By the end, I feel I know more about port wine than I had imagined possible: that its grapes grow so well here because of the schist soil that regulates night-time temperatures; that one of its greatest producers was a woman named Dona Antónia Adelaide Ferreira; and that the little chapels that dot the riverside sprang up to bless the rabelo boatmen who might come a cropper in its treacherous shallows. I also realise that I will come back – here and to Porto – time and again, and that its champions are right to think it can give other short-haul destinations a run for their money.

Vintage shopping in Miami

'Don't let me buy any orange things, OK? No more kitsch orange pieces," says Barbara Hulanicki, as we head off on our vintage shopping expedition. Miami's South Beach is well known for sun, sea, sand and partying. Less well-known is its appeal for vintage fans – flea markets, fascinating shops and huge trucks full of designer dresses from house clearances. Keen to uncover this side of Miami, I'd put in a call to Hulanicki, fashion designer, founder of iconic clothes store Biba and long-time Miami resident.

My grandmother was a Biba shop girl, so tales of tight Hulanicki miniskirts, stylish 1960s plastic Biba raincoats for under £20 and celebrities flocking to the Kensington High Street shop filled my childhood. I grew up in awe of this shop, sad that I missed the era it defined and annoyed that my grandmother has no items left – she didn't keep one thing. The last time I interviewed Barbara she offered to take me shopping in Miami. So, here I am eating breakfast with her at the Front Porch Cafe on Ocean Drive (frontporchoceandrive.com), fuelling up in preparation. The plan is to do vintage shops on Saturday and the vintage/antique market on Sunday.

Barbara moved to Miami in the early 1990s to help Rolling Stone Ronnie Wood decorate his club, Woody's on the Beach, and she's made the city her base ever since. She travels around the world designing hotel interiors and clothing for labels from Topshop to Coccinelle. Orange, I'm discovering, is her achilles heel. Her office is littered with orange glass ornaments, ashtrays and lights. Even now, as she is telling me that she really must not buy any more orange, her eye is wandering through the window of a secondhand shop, where she can spy some tangerine bric-a-brac.

Barbara Hulanicki with a vintage find

But orange aside, when it comes to shopping, Barbara is an expert. "I am just a big hunter. I think they call them hoarders now. I'll show you some pictures of what our place in London used to look like. Remember Steptoe and Son? It was like that. I used to collect antique lights. I'd have loads of them, art deco-style. Before going to bed my [late] husband Fitz would turn them all off, and as he got into bed he would realise he had forgotten one.

"After each big shopping trip I get that feeling again, the thrill of it, and I have to try to curb my hunting. This weekend will start my shopping habit again – I just know it."

Our first stop is Las Tias (2834 N Miami Avenue, lastias.com), an upscale secondhand shop with a fur-covered chaise longue and a 1980s cocktail dress in the window. We jump out of Barbara's Mini Cooper and get started. I run straight to the clothes and purses, and leave her eyeing up the furniture – yellow pieces from a living room set.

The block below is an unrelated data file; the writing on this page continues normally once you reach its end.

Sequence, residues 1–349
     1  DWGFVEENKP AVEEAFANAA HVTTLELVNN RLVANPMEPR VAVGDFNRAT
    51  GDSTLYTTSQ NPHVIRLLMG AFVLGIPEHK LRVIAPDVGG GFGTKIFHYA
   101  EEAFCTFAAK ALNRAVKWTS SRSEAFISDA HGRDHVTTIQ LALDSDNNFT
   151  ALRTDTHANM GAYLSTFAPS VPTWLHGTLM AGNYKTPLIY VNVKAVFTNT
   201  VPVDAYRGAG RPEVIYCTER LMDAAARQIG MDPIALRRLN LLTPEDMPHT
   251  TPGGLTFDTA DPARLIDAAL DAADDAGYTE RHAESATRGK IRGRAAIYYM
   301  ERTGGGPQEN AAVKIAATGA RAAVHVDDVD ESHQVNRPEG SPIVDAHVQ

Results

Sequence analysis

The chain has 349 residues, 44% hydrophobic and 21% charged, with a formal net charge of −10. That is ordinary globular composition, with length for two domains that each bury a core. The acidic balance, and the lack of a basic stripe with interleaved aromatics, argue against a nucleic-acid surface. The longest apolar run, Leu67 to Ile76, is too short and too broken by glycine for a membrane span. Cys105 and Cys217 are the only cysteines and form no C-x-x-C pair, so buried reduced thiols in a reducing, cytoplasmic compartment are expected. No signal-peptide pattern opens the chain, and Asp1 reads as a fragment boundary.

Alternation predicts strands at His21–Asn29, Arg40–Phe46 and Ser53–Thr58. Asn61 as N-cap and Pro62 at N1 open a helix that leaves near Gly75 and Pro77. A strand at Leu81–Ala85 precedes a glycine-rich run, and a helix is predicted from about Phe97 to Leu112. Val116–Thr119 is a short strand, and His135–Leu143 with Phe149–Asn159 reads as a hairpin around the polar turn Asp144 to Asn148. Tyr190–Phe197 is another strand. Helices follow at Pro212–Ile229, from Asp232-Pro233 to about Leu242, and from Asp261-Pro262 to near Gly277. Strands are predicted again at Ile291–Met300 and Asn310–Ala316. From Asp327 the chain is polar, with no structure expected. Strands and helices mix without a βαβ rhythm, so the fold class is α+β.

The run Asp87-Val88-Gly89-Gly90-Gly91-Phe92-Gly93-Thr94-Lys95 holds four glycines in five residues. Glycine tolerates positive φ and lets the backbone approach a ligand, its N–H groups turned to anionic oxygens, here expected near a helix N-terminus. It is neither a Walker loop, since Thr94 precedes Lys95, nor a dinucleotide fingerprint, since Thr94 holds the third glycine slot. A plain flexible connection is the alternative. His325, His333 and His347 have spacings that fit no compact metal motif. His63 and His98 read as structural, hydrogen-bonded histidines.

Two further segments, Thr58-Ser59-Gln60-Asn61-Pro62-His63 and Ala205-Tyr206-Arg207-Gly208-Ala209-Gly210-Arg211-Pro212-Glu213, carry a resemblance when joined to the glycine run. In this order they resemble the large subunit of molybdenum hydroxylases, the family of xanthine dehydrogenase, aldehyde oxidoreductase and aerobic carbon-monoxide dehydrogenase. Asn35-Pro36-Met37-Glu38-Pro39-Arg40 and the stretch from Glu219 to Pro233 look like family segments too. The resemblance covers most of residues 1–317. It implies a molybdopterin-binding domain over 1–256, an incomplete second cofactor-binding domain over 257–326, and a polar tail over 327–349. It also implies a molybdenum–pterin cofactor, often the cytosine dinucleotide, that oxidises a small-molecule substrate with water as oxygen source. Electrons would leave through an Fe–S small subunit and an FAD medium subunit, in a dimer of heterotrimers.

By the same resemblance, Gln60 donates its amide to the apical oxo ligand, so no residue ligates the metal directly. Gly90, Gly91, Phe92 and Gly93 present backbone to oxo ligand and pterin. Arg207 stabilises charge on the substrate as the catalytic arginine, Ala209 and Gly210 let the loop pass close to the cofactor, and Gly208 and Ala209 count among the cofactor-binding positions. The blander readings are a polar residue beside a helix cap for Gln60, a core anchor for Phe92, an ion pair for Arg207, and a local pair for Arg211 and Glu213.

"This person was very matchy, matchy," she says, stroking the pieces and imagining their former owner.

Then it's on to the women's clothes: old party dresses, 1960s print shifts (my favourite) and vintage shoes.

Having whetted our appetites we drive to C Madeleine's (13702 Biscayne Boulevard, cmadeleines.com), which is famous with editors, stylists and serious fashion fanatics.

"OK, hold your breath," says Barbara, as she swings open the door. She sees my eyes light up and says, "I knew you were going to love this store. You are going to have such fun. I might have to say goodbye to you, see you in two hours' time."

I start in couture, then move on to the 1970s section (think vintage Bill Blass dresses for around $300), by way of hat boxes and leather jackets (around $600), and finish up wondering if I can charge a vintage Pucci dress to my credit card. Sadly the prices are out of my reach, but Barbara still practically has to drag me out of the shop.

On the way back we make a quick stop at Divine Trash (7244 Biscayne Boulevard, getdivineonline.com). The owner, Donna, is fabulous. As we walk in, she is sorting through a collection of designer clothes that a celebrity has donated because she "can't wear anything twice". Barbara and Donna, both stalwarts of the vintage scene, swap stories of how much stuff they've bought since they last saw each other.

I head straight to the celebrity pile, and start digging. But then my eyes are drawn to the vintage dresses.

"I see you have a thing for antique white lace dresses … very interesting and summery, but what would you wear underneath it?" ponders Barbara as I'm trying on another lace top in the changing room. It could be worn as a dress, and is a bargain at $40.

Sadly, nothing fits, so we drive to a stylish new eatery called Gigi (3470 N Miami Avenue, giginow.com). It's in the design district, open till 5am at weekends and serves Asian fusion food and great desserts. The Design district has been transformed in the past few years. It's now a hub for a young cool crowd, with art galleries on every block and new places to eat.

Next day, I'm up early to find Barbara in my hotel lobby raring to go. The Sunday Lincoln Road Antique & Collectible Market (lincolnroadmiamibeach.info) is a short walk from the hotel but first we head to the nearby cafe at Books & Books for breakfast (927 Lincoln Road, booksandbooks.com) to feast on eggs Benedict, coffee and fruit. Under the hot sun, we start on the stalls.